Getting Secure

An international conference on the Arctic prompted these reflections on the meaning (and the ways of attaining) security. Peggy Hope-Simpson is an influential member of the NDP's International Affairs Committee.

By Peggy Hope-Simpson

N OCTOBER I HAD an opportunity to observe the International Conference on Arctic Cooperation. Over 80 participants came from several countries, particularly nations surrounding the Arctic.We heard constructive proposals for cooperation in environmental matters, resource management, and the rights of northern native people. What was disappointing, however, was that there was no consensus as to the meaning of security, or as to how it is best pursued. In the end, the participants could not agree on a joint statement.

The obstacles did not come from the Soviet side, for they are promoting an Arctic Basin Regime of Security and Cooperation to work against environmental degradation and militarization. The obstacles came from the limited views in our own side as to the nature of "security." I will not report on the conference, but I do want to point out the contradictory notions of security that continue to block progress.

The dispute is this: Is the maintenance of security primarily a military or a political task? Because this question has not been resolved in the minds of our own Canadian military and foreign affairs strategists, our military procurement policies are marked by confusion and indecision. Nothing shows it more vividly than the debate as to whether Canada should acquire nuclear-powered submarines (SSNs). Conceivably, this long-running issue may still be unresolved by the time this issue of PEACE appears, despite the Conservative victory in the November election, since the Minister of Finance has been notably concerned about the cost of the subs.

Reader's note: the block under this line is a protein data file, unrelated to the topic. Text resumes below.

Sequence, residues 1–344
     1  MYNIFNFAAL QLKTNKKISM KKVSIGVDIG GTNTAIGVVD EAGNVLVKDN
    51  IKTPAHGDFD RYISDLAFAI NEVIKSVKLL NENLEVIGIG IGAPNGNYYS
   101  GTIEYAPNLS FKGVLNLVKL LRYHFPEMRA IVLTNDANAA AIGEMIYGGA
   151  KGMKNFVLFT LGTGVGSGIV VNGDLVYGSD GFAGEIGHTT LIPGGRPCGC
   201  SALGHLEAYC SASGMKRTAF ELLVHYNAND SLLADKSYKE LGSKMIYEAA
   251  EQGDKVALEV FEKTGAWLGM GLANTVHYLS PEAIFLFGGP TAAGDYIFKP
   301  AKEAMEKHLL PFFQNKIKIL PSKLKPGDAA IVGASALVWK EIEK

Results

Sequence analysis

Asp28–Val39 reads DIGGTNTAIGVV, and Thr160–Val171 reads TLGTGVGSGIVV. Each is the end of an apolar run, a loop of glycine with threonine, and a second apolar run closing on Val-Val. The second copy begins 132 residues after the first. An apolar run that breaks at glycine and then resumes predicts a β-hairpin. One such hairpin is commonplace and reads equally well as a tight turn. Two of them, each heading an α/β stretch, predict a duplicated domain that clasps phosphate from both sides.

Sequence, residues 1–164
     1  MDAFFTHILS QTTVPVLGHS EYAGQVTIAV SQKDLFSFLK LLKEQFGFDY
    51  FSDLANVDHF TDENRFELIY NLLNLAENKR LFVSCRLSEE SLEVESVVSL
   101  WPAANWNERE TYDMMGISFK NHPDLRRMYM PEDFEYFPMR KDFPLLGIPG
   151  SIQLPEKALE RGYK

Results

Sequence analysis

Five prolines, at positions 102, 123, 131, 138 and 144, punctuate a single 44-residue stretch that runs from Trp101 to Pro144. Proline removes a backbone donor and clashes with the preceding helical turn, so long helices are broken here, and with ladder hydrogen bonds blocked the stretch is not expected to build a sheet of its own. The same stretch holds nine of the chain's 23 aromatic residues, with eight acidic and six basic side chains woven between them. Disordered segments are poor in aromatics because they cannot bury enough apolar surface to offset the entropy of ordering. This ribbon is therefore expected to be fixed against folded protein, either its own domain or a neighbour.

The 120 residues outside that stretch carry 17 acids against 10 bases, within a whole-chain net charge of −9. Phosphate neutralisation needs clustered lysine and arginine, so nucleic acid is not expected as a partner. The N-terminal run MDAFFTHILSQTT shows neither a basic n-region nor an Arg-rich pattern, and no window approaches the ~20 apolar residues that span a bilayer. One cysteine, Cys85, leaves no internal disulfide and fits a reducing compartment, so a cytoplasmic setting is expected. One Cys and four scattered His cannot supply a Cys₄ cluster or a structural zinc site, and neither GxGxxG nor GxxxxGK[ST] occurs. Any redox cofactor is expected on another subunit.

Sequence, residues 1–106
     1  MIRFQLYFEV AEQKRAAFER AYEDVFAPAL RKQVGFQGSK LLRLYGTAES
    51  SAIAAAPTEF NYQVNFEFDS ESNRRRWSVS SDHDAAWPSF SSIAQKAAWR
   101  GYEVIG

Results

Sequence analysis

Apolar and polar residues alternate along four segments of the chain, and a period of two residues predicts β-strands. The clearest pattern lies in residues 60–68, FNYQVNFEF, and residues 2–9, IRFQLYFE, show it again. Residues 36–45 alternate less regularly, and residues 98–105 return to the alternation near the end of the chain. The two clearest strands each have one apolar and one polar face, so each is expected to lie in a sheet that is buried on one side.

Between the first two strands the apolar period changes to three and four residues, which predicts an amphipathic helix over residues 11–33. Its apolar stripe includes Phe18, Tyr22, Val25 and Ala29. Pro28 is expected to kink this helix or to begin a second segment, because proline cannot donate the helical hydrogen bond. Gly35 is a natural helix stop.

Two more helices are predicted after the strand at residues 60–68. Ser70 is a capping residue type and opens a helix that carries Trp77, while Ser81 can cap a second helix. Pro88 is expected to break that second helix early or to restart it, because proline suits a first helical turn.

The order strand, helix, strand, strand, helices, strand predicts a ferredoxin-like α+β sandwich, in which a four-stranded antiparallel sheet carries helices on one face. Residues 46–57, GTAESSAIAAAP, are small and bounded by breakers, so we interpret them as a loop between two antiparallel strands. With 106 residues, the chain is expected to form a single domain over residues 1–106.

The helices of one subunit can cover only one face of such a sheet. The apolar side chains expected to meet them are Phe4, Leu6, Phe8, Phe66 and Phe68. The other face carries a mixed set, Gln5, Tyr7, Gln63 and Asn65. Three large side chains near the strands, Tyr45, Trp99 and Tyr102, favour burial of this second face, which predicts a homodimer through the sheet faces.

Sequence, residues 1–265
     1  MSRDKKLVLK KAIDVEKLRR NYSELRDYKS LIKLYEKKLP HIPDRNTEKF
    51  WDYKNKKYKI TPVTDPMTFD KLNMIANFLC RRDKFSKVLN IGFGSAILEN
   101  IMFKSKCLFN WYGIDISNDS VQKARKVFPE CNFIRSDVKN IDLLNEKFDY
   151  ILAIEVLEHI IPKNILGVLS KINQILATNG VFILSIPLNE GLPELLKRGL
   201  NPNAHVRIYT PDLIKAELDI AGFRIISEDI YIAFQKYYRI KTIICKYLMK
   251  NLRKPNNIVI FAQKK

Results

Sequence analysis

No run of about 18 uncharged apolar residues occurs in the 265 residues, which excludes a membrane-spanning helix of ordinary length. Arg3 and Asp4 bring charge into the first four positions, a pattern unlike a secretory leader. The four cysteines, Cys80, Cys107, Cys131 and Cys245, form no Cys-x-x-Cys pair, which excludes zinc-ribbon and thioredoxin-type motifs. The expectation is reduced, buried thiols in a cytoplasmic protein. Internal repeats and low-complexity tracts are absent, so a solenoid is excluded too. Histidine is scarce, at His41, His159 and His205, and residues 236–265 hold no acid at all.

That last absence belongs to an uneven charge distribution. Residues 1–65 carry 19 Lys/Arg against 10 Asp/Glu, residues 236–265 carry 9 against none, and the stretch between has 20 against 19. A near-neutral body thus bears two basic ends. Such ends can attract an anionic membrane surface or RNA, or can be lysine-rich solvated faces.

He is not alone. Even senior naval personnel express conflicting opinions of the submarines. It is worth comparing the views expressed by Rear-Admiral (C.F., Retired) F.W. Crickard and by Professor Rod Byers, of the Centre for International and Strategic Studies, York University.

Does Crickard Want the Submarines?

ADMIRAL CRICKARD HAS SEEMED less-than-spirited in supporting the SSNs. The basis for his lukewarm attitude seems to be his view that military needs and roles should be determined by broad national objectives, including Canada's protection of its sovereignty and the control of northern surveillance under its ice. Such surveillance could be done, Crickard has suggested, by passive acoustic detection systems. In peacetime, he notes, there would be no need to trail transiting submarines through the Archipelago, since submarines could be detected in the Davis Strait or Baffin Bay. And "in the Western Arctic, unless Canada acquires advanced nuclear attack submarines capable of prolonged under-ice operations, there would be little control capability." Crickard would never expect the Soviets to use the Canadian Arctic for ballistic or cruise missile-firing nuclear submarines unless the U.S.Navy's anti-submarine efforts prevent the Soviet Navy from using its own Arctic.

It is encouraging to find that Crickard values the public debate on defence issues. In fact, he suggests that the public, as well as the Canadian government, should review the new U.S. Maritime Strategy. (The Department of National Defence had not even considered the U.S. Navy's Maritime Strategy when making its plans for Canadian nuclear subs. Even beforehand, Perrin Beatty had announced his receptiveness to a joint Canada/ U.S. maritime defence command in the Arctic - in other words, a maritime NORAD.)

What's a Non-Coercive Submarine?